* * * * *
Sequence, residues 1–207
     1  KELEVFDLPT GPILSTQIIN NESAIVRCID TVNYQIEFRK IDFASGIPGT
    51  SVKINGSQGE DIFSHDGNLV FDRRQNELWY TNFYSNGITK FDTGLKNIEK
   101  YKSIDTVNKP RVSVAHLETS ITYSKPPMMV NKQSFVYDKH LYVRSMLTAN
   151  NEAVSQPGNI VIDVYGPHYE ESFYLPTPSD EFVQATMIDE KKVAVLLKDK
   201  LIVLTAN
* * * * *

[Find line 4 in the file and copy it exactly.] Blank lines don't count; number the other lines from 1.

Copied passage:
   101  YKSIDTVNKP RVSVAHLETS ITYSKPPMMV NKQSFVYDKH LYVRSMLTAN